Page 1 of 2 12 LastLast
Results 1 to 10 of 20

Thread: Swap - The Age Old Question

  1. #1
    Join Date
    Feb 2009
    Location
    Wasilla, Alaska
    Beans
    462
    Distro
    Kubuntu

    Swap - The Age Old Question

    I have searched the entire internet for a reasonable answer to these questions, only to find that people continue to have differing opinions on the matter.

    With a computer that has 16gb of RAM, do I need a swap file?

    I will not be using hibernate.

    If I tell the Ubuntu installer that I do not have a Swap partition, it makes a file on my SSD to use as Swap anyway...

    How do I disable this entirely, if it is okay to do so?

    Maybe I should ask a better question... What is the whole purpose of the Swap file, in a modern computer that has plenty of RAM, and will not be using hibernate? This seems like a Windows question...

    Can someone explain how Ubuntu uses Swap?
    Holy Cripes on Toast!
    Attention is the currency of internet forums. - ticopelp

  2. #2
    Join Date
    Jan 2006
    Location
    Sunny Southend-on-Sea
    Beans
    7,631
    Distro
    Kubuntu 18.04 Bionic Beaver

    Re: Swap - The Age Old Question

    Yes, you need a swap file.

    Out of memory situations are simply awful. Some applications simply misbehave. Setting aside a tiny proportion of your drive space to prevent running out of memory addresses is a trivial trade off. If it never ever gets used for anything: great!

  3. #3
    Join Date
    Apr 2014
    Beans
    635

    Re: Swap - The Age Old Question

    I dont know the technical side of things involving swap. I iust know that some things need it to exist. I keep no more than a 2gb swap on any of my machines at home. Small price to pay to avoid problems.

  4. #4
    Join Date
    Feb 2009
    Location
    Wasilla, Alaska
    Beans
    462
    Distro
    Kubuntu

    Re: Swap - The Age Old Question

    Quote Originally Posted by CatKiller View Post
    Yes, you need a swap file.

    Out of memory situations are simply awful. Some applications simply misbehave. Setting aside a tiny proportion of your drive space to prevent running out of memory addresses is a trivial trade off. If it never ever gets used for anything: great!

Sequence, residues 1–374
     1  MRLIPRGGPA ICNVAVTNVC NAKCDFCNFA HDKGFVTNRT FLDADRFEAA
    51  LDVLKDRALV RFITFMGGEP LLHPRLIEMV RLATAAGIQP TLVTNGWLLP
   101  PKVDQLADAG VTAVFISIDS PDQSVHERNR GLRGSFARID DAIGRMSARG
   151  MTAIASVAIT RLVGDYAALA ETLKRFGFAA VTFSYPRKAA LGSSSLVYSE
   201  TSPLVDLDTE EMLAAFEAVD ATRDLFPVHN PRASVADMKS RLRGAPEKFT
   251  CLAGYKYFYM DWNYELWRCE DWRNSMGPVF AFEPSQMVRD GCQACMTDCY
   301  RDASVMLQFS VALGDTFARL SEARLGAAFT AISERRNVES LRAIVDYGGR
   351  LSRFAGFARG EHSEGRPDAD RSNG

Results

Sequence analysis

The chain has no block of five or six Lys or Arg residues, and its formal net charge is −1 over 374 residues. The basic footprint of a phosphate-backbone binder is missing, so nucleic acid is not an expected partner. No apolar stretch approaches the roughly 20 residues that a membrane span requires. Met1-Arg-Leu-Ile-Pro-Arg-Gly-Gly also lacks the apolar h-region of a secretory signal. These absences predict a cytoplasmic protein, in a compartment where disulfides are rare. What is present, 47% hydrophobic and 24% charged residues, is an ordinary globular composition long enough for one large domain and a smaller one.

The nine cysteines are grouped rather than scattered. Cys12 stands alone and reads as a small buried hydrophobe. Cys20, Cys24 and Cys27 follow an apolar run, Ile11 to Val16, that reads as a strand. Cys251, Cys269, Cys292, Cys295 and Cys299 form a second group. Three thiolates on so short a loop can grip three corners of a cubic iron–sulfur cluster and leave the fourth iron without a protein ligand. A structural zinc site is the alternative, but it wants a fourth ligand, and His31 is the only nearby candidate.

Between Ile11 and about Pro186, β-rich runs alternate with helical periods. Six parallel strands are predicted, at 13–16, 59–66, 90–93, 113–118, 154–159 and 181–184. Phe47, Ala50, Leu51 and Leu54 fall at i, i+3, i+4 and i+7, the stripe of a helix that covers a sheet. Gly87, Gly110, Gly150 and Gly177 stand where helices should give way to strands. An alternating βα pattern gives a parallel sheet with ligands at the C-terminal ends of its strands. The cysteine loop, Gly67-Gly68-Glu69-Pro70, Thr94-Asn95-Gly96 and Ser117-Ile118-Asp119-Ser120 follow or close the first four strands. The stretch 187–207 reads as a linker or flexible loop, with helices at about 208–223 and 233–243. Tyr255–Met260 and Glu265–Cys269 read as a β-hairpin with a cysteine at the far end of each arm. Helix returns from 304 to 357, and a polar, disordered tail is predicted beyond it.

Is there any way to have the file put on a different drive, or do I have to make a Swap partition for that?

    Quote Originally Posted by Tadaen_Sylvermane View Post
    I dont know the technical side of things involving swap. I iust know that some things need it to exist. I keep no more than a 2gb swap on any of my machines at home. Small price to pay to avoid problems.
    So, 2g is enough with 16g of RAM?
    Holy Cripes on Toast!
    Attention is the currency of internet forums. - ticopelp

  5. #5
    Join Date
    Jan 2006
    Location
    Sunny Southend-on-Sea
    Beans
    7,631
    Distro
    Kubuntu 18.04 Bionic Beaver

    Re: Swap - The Age Old Question

    Quote Originally Posted by Shibblet View Post
    Is there any way to have the file put on a different drive, or do I have to make a Swap partition for that?
    It's just a file that's full of zeros. I'd imagine you can put it wherever you want, although you'd want it on your fastest storage in case it ever does get used. Not having played around with it much, I think you'd just create your file wherever and then use mkswap to say that you want to use that file as swap, and use fstab so that it gets used automatically at boot.
    None but ourselves can free our minds

  6. #6
    Join Date
    Apr 2011
    Location
    Mystletainn Kick!
    Beans
    11,145
    Distro
    Ubuntu

    Re: Swap - The Age Old Question

    Set the swappiness to a low usage number.
    The default is 60 (or last I checked it was), setting it to 10 will make it swap less.
    https://help.ubuntu.com/community/Sw...I_change_it.3F
    That should allow it to be less aggressive.
    Splat Double Splat Triple Splat
    Earn Your Keep
    Don't mind me, I'm only passing through.
    Once in a blue moon, I'm actually helpful
    .

  7. #7
    Join Date
    Aug 2009
    Beans
    Hidden!
    Distro
    Xubuntu 20.04 Focal Fossa

    Re: Swap - The Age Old Question

    I had a quad core for 10 years and it never used 1% of swap, now on an i7 with SSD it still never uses %1 of swap.
    But, rather than finding any alternative, I setup a 4GB (2GB as mentioned above would do) swap file just because every Linux system there is wants a swap file.

    So, it's like you need one to install but, it doesn't really get used. Maybe swap files will not be needed in the future.

    I have 16GB RAM and suspend rather than hibernate and that works great.

  8. #8
    Join Date
    Mar 2010
    Location
    Squidbilly-Land
    Beans
    19,796
    Distro
    Ubuntu Mate 16.04 Xenial Xerus

    Re: Swap - The Age Old Question

    There are many opinions about swap and there are some technical mandates that are dependent on settings and the specific kernel.

    • Purpose of swap is to provide feedback when a system is running low on real RAM, but not crash.